During the Cobb Chamber of Commerce’s Marquee Monday luncheon, Braves Development Company President & CEO Mike Plant said The Battery Atlanta is thriving despite the pandemic, and put to rest recent rumors that the Braves organization is looking for a new buyer.
“I think one of the things that defines us and defines a lot of people in business is how to persevere,” Plant said during a fireside chat-style conversation with Chamber Chair John Loud at the Coca-Cola Roxy in The Battery.
“I always say I don’t want to hear the keys jingling at the end of the year. No one caused this to happen,” Plant said. “We all got dealt the same hand and we are going to work with our tenants here to help them battle their way through this.”
Plant said that, over the weekend when the Braves were playing out of town, The Battery adjacent to Truist Park still played host to more than 20,000 cars in its parking decks, which drew applause from the crowd of close to 200 and another 1,000 viewers watching the luncheon virtually.
“Our restaurants, many of them are having a better year than last year, when we were playing games in August,” Plant said. “Ninety-six percent of our tenants are open. We have over $350 million in phase 2. ALoft Hotel is already open. One night a couple weeks ago we had 130 rooms in a 143-room hotel. So we’re better than crawling back.”
Loud ran some numbers on The Battery, which he said now includes:
♦ 840,000 square feet of office space
♦ 500,000 square feet of residential space
♦ 320,000 square feet of hotel space
♦ 250,000 square feet of retail and dining space and
♦ 103,000 square feet dedicated to entertainment.
The Braves are set to host the MLB All Star Game next year, which Plant said will bring major attention to Cobb County.
In his opening remarks, Loud called The Battery and Truist Park “The home that Tim (Lee) and Mike (Plant) built,” referring to the late Cobb Commission Chairman Tim Lee. Plant spoke fondly of Lee, who worked with Plant to bring the Braves to Cobb, and, speaking of Cobb, Plant added: “There’s no place like it. I’ve said that to the 120 teams that have come from all over the world to look at what was built here.”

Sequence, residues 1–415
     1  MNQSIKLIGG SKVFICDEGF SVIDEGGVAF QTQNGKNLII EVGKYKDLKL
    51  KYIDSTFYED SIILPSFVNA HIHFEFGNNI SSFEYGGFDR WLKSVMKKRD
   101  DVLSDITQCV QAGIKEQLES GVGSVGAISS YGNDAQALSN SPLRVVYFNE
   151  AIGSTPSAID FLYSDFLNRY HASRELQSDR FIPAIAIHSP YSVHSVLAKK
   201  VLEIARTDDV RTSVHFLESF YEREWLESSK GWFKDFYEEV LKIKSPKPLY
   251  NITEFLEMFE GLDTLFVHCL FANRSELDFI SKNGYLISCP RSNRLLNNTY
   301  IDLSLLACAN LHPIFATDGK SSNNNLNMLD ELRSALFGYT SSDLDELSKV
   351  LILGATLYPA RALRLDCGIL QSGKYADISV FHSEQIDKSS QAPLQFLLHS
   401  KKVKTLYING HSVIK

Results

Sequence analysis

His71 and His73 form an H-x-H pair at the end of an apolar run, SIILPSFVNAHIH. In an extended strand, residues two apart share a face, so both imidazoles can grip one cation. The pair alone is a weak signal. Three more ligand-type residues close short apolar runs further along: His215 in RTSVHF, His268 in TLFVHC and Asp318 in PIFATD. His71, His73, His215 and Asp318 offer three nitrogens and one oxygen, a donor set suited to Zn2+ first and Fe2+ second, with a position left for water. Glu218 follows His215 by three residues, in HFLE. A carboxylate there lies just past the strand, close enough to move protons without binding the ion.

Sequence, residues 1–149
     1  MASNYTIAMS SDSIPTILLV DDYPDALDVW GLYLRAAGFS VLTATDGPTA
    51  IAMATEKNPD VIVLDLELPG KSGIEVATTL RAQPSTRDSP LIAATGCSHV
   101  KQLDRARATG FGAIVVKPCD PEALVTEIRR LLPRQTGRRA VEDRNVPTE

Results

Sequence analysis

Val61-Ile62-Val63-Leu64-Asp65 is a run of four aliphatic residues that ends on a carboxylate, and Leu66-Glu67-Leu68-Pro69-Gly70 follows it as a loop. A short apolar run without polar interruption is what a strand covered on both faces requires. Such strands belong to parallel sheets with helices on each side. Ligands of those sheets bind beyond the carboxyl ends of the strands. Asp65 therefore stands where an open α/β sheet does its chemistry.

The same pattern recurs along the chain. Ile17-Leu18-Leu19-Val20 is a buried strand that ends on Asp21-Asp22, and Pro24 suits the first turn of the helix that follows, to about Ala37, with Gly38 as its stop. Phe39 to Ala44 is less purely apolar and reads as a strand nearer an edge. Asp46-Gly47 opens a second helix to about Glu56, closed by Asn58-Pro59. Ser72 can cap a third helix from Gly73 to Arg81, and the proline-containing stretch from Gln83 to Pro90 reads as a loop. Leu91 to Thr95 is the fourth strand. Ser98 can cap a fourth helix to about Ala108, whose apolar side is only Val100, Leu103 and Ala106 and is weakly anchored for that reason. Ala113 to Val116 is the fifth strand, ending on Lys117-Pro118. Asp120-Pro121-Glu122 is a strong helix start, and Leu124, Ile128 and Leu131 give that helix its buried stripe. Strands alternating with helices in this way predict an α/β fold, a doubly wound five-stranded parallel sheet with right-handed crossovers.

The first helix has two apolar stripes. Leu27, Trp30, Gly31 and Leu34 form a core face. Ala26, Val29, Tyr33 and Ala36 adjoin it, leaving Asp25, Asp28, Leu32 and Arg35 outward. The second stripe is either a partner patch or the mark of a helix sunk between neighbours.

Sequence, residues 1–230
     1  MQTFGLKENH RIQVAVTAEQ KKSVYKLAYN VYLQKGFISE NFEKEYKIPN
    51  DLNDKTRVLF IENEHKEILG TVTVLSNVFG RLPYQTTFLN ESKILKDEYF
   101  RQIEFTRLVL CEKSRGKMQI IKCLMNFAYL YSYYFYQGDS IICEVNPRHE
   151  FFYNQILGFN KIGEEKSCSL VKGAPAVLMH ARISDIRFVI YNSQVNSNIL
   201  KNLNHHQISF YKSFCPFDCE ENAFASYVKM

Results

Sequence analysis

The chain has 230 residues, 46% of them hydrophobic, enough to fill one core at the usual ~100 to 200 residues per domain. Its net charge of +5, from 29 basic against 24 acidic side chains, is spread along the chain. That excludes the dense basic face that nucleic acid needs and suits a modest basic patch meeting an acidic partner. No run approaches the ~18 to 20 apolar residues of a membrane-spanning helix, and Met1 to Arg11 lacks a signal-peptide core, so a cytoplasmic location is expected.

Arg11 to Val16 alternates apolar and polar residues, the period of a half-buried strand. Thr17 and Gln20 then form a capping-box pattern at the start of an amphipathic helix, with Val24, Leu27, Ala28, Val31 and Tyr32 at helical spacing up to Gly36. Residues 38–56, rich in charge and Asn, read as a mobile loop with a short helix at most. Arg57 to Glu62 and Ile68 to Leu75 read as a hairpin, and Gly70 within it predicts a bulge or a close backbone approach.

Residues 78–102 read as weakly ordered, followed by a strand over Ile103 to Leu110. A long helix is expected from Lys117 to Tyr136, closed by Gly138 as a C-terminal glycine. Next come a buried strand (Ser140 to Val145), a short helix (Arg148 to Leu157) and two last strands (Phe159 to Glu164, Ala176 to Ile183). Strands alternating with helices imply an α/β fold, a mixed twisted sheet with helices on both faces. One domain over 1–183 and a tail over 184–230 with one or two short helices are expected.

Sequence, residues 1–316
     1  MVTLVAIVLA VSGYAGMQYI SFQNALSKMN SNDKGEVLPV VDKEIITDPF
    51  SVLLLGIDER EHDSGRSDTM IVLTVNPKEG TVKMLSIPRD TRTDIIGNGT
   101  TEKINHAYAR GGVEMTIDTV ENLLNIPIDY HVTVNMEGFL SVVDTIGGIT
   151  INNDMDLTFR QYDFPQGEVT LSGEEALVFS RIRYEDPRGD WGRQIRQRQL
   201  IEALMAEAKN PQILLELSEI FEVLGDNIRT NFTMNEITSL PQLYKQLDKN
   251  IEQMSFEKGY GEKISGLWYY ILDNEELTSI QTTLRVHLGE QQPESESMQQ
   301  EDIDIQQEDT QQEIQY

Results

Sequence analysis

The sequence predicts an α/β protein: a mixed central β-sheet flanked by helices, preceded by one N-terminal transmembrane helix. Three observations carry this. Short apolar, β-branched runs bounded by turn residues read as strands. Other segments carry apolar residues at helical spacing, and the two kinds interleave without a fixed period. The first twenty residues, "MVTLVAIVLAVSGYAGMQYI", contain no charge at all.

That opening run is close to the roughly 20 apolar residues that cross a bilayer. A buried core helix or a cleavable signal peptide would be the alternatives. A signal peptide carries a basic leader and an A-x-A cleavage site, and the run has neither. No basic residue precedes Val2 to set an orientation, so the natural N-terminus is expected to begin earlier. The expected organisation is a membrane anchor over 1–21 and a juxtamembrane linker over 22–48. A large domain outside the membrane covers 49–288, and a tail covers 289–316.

Loud added that having the Braves in Cobb has been “an absolute grand slam” for Cobb County, not only through economic impact but through its community involvement and charitable support.
When the Braves announced their move to Cobb in 2013, Plant said there were two main obstacles they were going to have to overcome in the eyes of fans: money and traffic.
“On the money side, we’ve achieved better results than anyone thought,” Plant said. “The traffic part, because we were able to work closely with Cobb DOT and GDOT, and make sure we didn’t take some of the issues we had downtown and move them up here, we were able to have more parking than anyone expected. All of the access around here, the safety aspect of it – Cobb Police, I can’t say enough about how great they are...they’re always right there. It just goes back to proving that if you work together and share a common goal and common vision, you can achieve some incredible results.”
Plant also said that the rumor going around that Liberty Media Corporation was looking to sell the Braves and The Battery was “Hall of Fame fake news,” adding that its recent sale of its residential space in The Battery was always in the plans, before the space was even built.
“Our second quarter for the team was not very flattering,” he admitted, referencing the effects of the coronavirus pandemic. “We lost a lot of money. But our team has been around for 150 years. We’re not going anywhere. This team is going to be around for a long time. It’s the longest continued franchise in professional sports. We’ve had zero conversations about selling any assets.”